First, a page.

Organic management of plant-feeding insects

About these modules

These information modules were originally developed around 2011 and 2012 with the Permaculture Research Institute’s (PRI) Urban Farmer Certification Program in mind. These instructions were gathered and assembled during a multi-year string of Floating Head Mode sessions that spread out into numerous topical lilies in the categorical pond.

My primary intention for publishing this information is to give growers practical, hands-on, and effective insect pest management tools (and ideas on how to use them) that work for organic growing situations or situations where methods and principles that align with the permaculture growing methods are practiced. A secondary intention is to demonstrate the effectiveness of Floating Head Mode, a state of being where we do not always know why we do what we do.

To these ends, these information modules are pragmatic. No sane person delights in the destruction of small defenseless life forms. However, food production for a hungry world is serious business. While humans might be tempted to remain in Floating Head Mode indefinitely, at some point our timeless sessions end and we return to normal space time. with its normal limitations and need for sustenance.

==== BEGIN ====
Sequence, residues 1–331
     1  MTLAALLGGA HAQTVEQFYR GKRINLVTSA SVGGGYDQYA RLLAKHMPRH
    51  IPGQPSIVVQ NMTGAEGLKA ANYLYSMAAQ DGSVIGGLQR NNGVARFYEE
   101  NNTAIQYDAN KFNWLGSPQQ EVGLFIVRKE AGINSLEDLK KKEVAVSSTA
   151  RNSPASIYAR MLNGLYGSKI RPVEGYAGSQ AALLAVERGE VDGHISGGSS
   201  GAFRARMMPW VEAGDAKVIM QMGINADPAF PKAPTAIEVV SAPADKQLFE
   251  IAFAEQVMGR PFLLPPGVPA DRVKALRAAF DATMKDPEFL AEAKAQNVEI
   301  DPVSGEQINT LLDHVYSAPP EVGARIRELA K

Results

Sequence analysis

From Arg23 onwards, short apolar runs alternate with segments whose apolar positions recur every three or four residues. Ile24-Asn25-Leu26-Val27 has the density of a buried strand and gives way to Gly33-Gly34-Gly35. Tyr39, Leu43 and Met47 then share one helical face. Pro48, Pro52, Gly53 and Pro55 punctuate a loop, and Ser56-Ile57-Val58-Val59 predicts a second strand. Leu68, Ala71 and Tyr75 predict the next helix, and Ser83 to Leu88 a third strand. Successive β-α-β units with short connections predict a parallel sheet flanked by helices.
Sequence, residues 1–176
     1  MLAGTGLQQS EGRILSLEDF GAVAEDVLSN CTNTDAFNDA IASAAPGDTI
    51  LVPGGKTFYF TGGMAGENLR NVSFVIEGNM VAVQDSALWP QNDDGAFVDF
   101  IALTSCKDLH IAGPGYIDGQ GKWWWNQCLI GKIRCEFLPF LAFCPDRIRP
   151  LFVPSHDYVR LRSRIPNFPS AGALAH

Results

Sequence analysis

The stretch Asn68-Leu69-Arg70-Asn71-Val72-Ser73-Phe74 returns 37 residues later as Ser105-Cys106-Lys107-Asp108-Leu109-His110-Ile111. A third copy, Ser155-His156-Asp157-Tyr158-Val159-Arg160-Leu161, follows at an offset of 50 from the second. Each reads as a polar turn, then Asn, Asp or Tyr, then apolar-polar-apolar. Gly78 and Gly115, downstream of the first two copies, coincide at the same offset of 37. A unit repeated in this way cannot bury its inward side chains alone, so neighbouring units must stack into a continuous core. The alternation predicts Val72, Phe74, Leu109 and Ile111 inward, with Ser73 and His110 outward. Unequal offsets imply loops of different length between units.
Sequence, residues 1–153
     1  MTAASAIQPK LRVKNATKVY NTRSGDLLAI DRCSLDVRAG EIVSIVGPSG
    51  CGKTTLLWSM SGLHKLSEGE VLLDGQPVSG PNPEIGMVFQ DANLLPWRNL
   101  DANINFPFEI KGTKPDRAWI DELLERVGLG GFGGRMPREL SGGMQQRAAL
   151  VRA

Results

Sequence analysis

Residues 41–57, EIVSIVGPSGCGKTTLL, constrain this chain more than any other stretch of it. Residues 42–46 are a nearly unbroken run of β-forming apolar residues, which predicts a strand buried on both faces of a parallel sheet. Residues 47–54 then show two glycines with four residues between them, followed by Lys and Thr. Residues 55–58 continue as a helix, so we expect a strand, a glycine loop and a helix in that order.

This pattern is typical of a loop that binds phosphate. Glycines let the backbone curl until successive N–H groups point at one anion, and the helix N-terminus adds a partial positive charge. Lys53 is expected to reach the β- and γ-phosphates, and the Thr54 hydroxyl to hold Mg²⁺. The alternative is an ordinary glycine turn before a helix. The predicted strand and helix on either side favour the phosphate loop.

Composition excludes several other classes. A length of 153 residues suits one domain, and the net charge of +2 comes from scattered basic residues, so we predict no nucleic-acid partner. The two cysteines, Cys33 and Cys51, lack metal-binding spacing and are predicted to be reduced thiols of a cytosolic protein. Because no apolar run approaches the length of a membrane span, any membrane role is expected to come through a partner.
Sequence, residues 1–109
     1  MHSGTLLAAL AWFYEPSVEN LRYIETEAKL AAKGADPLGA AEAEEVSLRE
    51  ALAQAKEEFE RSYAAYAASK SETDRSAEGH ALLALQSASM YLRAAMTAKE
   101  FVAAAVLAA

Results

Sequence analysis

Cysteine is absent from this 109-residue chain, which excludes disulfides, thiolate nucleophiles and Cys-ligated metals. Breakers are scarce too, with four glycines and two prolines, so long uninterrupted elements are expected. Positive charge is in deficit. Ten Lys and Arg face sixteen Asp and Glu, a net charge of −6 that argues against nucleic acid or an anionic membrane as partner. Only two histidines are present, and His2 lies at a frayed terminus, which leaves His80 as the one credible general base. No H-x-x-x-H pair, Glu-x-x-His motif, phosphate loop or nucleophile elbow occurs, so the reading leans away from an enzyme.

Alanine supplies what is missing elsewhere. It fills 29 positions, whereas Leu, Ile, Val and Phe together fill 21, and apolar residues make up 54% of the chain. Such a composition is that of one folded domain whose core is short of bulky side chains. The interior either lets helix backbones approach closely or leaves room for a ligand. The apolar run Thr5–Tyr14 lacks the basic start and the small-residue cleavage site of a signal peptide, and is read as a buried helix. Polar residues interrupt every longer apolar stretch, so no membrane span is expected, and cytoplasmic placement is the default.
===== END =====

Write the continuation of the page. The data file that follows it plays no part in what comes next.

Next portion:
Within the earthly plane, we have no choice but to protect food crops from non-human interference. The tools described in this forum describe no-nonsense tools and techniques that are assumed to be compatible, generally speaking, for organic production. Each user must research the tools for themselves and make their own decisions according to their own needs and values.

While in Floating Head Mode, we transcend the binary business of action-reaction thinking and action. Even in this world, though, we are not bound within the limits of reaction mode. With the emergence of world climate change, the process of the 4T is a framework food growers can use to prepare in advance for come what may.

Dr. Aldous Benson

Aphidius matricariae, a parasitic wasp of small aphids
A community meeting of parasitic wasps that target aphids. The species is called Aphidius matricariae. In the future, “Aphidius” might one day be a popular name for a human child.

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